How Much Is Work Worth?

Here’s a test that just might give an indication of what an ordinary job is worth. Answer the question: How much would you have to pay someone to do this work if the only ones available for work were people who already had a good job?

If there were no people who were forced by circumstances to work for low wages, common labor just might be paid what it is really worth to society. Employers would have to pay enough to attract someone worth having. That might be, say, $25 per hour, whereas the employer might get away with $15 if there were lots of people desperate for work.

But if it’s worth $25 to hire a good worker who has a job, why isn’t it worth $25 to hire anyone who is a good worker? It should be worth $25 to hire any worker who could do the job well, a person who would realize that the pay was good, and was therefore motivated to perform it better than if the job paid poorly. Knowing that a similar job paid $15 elsewhere, the worker would be in no hurry to quit, and would want to be sure to deliver full value.

Contrast that with a situation I am familiar with, in which a company paid its workers less than $9 an hour, knowing that they could always get more at that rate because unemployment was high and people were desperate. But a lot of these workers were marginal types, who showed up for work drunk or stoned, if they showed up at all. So paying these workers a pittance increased profit as long as there was a pool of these marginal workers, but there was clearly a moral price to be paid, because no one can actually afford to be paid so little if they are supporting someone else. The good workers knew they were being screwed, and left when they could.

If pay were raised high enough to be called Living Wage, would profit decrease so much that the company would be unviable? If even the marginal workers were well paid, wouldn’t at least some of them come to their senses and realize they had a good thing worth protecting by good work? I don’t have sure answers, but I believe many would realize the value of having their job, and the company might benefit from not having to hire new people all the time. Those who were underpaid did not value their job because they knew management didn’t value them.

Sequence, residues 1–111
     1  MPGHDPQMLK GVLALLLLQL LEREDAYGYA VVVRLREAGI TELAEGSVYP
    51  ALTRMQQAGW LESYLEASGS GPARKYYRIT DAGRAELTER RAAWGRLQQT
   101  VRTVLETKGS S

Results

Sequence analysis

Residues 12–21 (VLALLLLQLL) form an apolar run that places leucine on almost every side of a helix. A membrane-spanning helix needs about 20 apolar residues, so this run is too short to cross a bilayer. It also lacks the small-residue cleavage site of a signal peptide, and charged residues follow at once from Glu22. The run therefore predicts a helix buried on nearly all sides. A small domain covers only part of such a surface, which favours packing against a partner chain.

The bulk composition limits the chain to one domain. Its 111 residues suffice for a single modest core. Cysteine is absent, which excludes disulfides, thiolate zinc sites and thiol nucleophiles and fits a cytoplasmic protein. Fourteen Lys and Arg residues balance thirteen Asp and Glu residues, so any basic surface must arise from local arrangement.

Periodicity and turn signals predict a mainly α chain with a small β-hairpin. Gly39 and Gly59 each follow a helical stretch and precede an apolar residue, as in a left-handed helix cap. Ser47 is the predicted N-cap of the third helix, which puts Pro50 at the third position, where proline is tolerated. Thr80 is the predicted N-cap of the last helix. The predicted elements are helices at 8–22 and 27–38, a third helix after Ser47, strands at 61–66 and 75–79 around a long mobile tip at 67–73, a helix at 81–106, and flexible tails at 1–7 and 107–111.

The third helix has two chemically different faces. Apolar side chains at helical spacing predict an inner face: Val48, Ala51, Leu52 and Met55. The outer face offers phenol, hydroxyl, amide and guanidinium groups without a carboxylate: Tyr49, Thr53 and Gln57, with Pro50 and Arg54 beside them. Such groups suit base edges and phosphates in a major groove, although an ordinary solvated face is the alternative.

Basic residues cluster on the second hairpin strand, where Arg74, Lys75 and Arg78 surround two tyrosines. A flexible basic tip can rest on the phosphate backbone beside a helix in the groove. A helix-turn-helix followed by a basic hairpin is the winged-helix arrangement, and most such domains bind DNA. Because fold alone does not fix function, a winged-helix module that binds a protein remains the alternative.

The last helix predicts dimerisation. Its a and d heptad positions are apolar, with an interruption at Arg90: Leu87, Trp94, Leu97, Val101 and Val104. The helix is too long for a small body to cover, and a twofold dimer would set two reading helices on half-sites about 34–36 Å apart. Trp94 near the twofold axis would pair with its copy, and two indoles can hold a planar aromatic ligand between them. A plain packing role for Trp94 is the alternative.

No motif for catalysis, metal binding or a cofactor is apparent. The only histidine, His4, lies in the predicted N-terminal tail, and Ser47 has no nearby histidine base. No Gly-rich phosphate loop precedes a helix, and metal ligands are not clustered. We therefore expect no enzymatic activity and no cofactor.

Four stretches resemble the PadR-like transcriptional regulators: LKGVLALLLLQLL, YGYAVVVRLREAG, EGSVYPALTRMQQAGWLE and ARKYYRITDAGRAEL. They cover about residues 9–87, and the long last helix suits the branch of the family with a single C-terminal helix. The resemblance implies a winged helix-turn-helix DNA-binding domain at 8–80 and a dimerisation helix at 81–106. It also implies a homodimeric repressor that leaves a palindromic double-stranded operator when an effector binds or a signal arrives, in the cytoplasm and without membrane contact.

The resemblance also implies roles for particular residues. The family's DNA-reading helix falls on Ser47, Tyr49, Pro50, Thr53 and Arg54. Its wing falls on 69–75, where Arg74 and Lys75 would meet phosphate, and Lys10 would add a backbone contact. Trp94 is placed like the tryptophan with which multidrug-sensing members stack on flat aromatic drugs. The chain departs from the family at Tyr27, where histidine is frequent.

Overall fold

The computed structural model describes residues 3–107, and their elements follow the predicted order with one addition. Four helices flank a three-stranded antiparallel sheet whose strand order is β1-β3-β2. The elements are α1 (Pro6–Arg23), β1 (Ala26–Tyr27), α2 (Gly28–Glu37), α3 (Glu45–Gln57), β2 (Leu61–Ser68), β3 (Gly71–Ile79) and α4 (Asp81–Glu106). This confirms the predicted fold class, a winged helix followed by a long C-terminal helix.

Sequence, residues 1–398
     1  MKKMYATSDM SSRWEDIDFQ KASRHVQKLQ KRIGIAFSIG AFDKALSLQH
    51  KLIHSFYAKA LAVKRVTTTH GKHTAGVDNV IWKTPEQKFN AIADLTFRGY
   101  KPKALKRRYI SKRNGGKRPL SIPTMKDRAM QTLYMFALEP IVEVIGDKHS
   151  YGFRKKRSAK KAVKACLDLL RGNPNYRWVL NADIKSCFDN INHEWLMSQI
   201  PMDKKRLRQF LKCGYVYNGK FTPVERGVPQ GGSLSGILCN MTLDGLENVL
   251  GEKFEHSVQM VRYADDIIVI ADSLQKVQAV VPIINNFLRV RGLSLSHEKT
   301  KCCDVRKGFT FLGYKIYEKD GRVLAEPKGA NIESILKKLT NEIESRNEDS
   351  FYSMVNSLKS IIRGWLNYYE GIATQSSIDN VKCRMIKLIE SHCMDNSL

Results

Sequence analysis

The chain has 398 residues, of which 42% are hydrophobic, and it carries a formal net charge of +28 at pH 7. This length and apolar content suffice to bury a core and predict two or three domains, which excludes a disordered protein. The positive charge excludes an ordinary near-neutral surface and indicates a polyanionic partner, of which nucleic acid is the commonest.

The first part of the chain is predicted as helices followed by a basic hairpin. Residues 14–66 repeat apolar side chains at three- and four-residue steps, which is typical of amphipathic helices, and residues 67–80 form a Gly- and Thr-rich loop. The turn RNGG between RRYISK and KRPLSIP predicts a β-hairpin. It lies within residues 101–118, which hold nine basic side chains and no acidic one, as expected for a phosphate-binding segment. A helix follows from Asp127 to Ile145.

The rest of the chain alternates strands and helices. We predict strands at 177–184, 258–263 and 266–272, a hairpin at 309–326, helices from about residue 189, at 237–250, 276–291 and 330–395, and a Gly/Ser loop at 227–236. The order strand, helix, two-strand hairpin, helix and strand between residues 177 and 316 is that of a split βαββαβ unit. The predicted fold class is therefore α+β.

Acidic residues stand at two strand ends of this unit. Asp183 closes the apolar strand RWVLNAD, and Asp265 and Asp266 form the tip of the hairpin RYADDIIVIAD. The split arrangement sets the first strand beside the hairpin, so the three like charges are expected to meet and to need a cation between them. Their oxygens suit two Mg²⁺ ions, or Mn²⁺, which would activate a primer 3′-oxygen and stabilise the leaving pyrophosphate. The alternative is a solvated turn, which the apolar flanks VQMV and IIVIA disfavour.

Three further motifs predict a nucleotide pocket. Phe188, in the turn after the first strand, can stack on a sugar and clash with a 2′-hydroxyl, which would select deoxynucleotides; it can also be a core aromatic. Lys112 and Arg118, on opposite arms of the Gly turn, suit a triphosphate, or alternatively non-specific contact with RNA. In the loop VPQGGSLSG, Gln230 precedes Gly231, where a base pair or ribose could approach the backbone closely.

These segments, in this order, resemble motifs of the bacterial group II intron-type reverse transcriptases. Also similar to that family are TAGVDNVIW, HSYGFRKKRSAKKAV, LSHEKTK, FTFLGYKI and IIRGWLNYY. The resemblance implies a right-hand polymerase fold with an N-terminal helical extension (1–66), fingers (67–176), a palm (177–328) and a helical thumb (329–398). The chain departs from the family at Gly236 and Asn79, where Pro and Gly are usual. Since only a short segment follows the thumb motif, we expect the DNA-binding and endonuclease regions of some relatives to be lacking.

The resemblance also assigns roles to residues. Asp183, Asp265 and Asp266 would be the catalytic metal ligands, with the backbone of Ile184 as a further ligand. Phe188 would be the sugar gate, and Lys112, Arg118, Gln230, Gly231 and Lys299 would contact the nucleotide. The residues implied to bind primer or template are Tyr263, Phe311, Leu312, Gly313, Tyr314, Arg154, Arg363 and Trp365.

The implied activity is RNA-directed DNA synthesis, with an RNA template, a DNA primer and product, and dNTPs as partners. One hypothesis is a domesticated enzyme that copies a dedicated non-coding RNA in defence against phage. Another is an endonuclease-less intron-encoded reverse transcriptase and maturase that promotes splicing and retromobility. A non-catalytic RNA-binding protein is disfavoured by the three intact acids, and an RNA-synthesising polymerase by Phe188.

The question arises: If everyone were paid what their job is actually worth, would the possibility of getting a similar job elsewhere become a disincentive? This is the setting for workers in Australia, which has had Living Wage laws for a century. Workers that tourists see are somewhat disdainful of tipping, because they recognize the value of their work, and their pay. Tipping is uncommon in Australia, and workers stick with their jobs, and tend to be pleased with them. Poorly paid Americans don’t feel the same way.

If everyone were paid what their job was actually worth, what would that mean for the Wall Street tycoons? The thought is amusing, because we all know they are grossly overpaid for no particular reason. They might well earn a couple million dollars a year under our new system, and they are probably worth that, but there would be no ten million dollar salaries, with twenty million dollar annual bonuses, because nobody is “worth” that.


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